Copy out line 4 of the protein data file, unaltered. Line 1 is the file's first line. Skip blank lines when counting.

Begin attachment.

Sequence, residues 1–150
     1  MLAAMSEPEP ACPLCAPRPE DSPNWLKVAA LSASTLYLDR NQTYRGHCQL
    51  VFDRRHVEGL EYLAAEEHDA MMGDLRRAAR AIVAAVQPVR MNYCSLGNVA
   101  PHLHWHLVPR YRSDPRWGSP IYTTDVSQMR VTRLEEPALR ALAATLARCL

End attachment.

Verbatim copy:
   101  PHLHWHLVPR YRSDPRWGSP IYTTDVSQMR VTRLEEPALR ALAATLARCL